Perhaps Robin A. Brace, the editor of the publication "UK Apologetics," expressed it best in March, 2008 when he wrote, "Evangelical Inclusivism is a fully biblical concept which shows that while it is vital to accept Christ as personal Saviour in those periods of time and in those nations in which the knowledge of Christ is freely available, those who have never had such an opportunity to learn of Christ during their lifetimes are certainly not excluded from God's love and calling, as amply demonstrated even within the Old Testament. Salvation is a free gift of God which cannot be earned through knowledge or through being in certain places at the right time, and God is well able to include many -- wherever He will -- who respond in faith to that level of true spiritual knowledge which was available to them -- yet they are only saved through Christ -- there is no other Saviour (Acts 4:12)." Christ Jesus dealt with the SIN problem, and He did it through one sacrifice for ALL MEN. That free gift of grace is now available to every living being. For some, sin has never been imputed to them (infants, small children, the mentally challenged), thus they are safe. Where sin has been imputed, however, and that's all the rest of us, that sin has been dealt with. The free gift of that covering is available to ALL MEN in the same way: by faith. God has shed His light upon all men everywhere; those who come to that light by faith are saved (even though their circumstances may prevent their ever knowing of the One who secured that covering of their sin). It is this form of Evangelical Inclusivism that I embrace as best representing our God and the Truth revealed about this matter in the Scriptures.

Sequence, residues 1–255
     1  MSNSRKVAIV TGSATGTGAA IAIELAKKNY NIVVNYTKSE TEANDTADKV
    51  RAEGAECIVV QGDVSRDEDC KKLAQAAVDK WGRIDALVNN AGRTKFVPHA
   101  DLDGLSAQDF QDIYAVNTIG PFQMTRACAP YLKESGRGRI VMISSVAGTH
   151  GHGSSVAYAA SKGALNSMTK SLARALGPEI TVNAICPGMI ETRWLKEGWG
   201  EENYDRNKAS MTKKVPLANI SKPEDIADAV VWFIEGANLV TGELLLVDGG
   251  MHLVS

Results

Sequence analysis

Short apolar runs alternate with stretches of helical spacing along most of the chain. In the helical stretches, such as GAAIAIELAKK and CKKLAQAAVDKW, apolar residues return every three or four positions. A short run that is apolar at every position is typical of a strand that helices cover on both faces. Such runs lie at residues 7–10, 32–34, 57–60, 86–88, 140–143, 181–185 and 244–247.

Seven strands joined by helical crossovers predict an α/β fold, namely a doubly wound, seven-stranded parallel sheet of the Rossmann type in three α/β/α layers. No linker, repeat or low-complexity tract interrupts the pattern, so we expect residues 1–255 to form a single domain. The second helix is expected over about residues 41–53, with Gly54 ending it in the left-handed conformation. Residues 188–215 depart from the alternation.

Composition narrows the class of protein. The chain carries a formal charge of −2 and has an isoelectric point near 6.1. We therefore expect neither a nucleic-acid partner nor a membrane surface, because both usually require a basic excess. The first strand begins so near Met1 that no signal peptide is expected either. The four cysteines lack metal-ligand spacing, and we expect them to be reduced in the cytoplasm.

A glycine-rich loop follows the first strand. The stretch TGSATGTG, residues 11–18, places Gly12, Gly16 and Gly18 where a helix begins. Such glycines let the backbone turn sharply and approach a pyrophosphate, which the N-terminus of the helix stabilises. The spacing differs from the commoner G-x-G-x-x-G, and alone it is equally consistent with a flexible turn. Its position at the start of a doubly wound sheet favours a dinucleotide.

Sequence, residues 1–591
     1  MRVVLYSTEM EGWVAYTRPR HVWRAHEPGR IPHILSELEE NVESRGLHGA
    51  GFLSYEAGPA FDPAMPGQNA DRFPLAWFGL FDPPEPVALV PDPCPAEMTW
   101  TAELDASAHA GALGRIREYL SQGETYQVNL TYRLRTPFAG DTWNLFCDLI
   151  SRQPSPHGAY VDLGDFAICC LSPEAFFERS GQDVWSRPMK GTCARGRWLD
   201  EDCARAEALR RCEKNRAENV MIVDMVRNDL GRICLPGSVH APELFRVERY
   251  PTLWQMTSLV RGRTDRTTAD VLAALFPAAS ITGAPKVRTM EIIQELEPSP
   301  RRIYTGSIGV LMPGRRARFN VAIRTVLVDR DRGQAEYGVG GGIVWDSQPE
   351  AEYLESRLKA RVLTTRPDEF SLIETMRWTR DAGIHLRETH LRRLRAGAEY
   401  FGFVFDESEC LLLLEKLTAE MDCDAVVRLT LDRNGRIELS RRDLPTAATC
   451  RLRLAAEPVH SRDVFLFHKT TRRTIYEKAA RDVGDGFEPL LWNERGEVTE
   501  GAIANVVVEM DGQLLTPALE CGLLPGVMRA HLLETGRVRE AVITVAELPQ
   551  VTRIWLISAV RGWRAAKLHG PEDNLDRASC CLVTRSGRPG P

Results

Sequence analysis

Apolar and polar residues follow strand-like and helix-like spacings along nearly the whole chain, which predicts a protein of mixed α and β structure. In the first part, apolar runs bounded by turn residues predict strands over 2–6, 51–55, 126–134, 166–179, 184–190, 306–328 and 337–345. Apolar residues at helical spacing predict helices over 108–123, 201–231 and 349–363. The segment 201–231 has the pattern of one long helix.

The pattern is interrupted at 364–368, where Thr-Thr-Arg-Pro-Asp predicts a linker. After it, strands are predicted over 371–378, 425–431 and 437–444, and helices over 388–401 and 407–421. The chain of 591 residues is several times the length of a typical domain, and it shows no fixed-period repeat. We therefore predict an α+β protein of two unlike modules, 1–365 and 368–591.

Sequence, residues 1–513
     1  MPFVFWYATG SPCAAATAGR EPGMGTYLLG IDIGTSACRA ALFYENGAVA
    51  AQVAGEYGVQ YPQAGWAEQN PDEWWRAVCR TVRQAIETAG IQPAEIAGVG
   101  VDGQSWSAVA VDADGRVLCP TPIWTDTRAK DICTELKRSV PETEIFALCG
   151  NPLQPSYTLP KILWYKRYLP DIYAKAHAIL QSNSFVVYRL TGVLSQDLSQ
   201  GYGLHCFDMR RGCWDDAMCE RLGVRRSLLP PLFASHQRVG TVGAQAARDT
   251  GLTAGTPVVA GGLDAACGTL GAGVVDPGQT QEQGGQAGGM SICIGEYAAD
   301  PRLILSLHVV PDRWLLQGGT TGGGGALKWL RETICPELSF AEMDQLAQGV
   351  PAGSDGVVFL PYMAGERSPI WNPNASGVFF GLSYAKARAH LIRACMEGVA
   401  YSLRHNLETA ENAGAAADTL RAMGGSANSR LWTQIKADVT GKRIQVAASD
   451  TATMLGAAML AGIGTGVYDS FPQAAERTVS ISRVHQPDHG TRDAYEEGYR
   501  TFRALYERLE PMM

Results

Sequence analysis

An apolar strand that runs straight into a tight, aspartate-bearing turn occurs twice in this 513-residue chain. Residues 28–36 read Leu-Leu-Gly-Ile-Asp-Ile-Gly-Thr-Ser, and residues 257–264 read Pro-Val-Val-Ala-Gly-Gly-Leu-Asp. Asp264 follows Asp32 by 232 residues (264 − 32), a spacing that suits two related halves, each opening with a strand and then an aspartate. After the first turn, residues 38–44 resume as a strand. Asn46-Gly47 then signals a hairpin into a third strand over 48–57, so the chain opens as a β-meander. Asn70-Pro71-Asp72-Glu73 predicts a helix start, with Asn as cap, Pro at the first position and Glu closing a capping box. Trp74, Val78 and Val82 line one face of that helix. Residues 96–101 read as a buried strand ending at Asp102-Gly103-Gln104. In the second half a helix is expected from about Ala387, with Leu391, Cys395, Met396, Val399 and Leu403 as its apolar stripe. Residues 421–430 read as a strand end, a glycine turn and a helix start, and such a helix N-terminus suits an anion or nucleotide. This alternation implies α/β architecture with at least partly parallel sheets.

One Bread, One Body
An Examination of Eucharistic
Expectation, Evolution & Extremism
(A 230 page book by Al Maxey)
Also Available on KINDLE
Immersed By One Spirit
Rethinking the Purpose and Place of
Baptism in NT Theology and Practice
(A 304 page book by Al Maxey)
Also Available on KINDLE
From a New Reader in Norway:
May I ask that you please add me to your mailing list for your weekly Reflections? I just found your web site and I would very much like to follow your work, if you don't mind. Best regards to you.
From a New Reader in Germany:
Please add me to your Reflections mailing list.
From an Evangelist in India:
"Paul's Professorial Predilection" is a great, insightful Reflections article on the discussed words used by Luke, as well as the mode of Paul's teaching. If possible, please think about writing a similar article on Deut. 4:10 and the Hebrew word lamad -- "The Lord said to me, 'Gather the people to Me, and I will let them hear My words, that they may learn (lamad) to fear Me all the days they live on the earth, and that they may teach (lamad) their children."
This Hebrew term comes from a root word meaning "to prod; goad," and thus the idea of prodding someone to learn (thus: to teach). "This means 'to teach, learn, cause to learn;' in its simple, active form, this verb has the meaning 'to learn,' but it is also found in a form giving the causative sense 'to teach'" [The New Strong's Expanded Dictionary of Bible Words, p. 577]. Judaism had a strong emphasis on teaching, and this word points to both aspects of that: the method as well as the result (learning). "About half the occurrences of lamad are found in the books of Deuteronomy and Psalms, underlining the teaching emphasis found in these books" [ibid]. The first occurrence of this Hebrew word in the OT text is Deut. 4:1. In the LXX (Septuagint), two different words are used in the Deut. 4:10 passage: manthano, which signifies "to learn; to be taught" (a form of the word from which we get "disciple"), and didasko, meaning "to teach." Disciples are learners/students, who, after being taught/discipled, then go and teach/disciple others. It is this concept of response and responsibility that we find in such passages as the above. -- Al Maxey
From a Minister in Australia: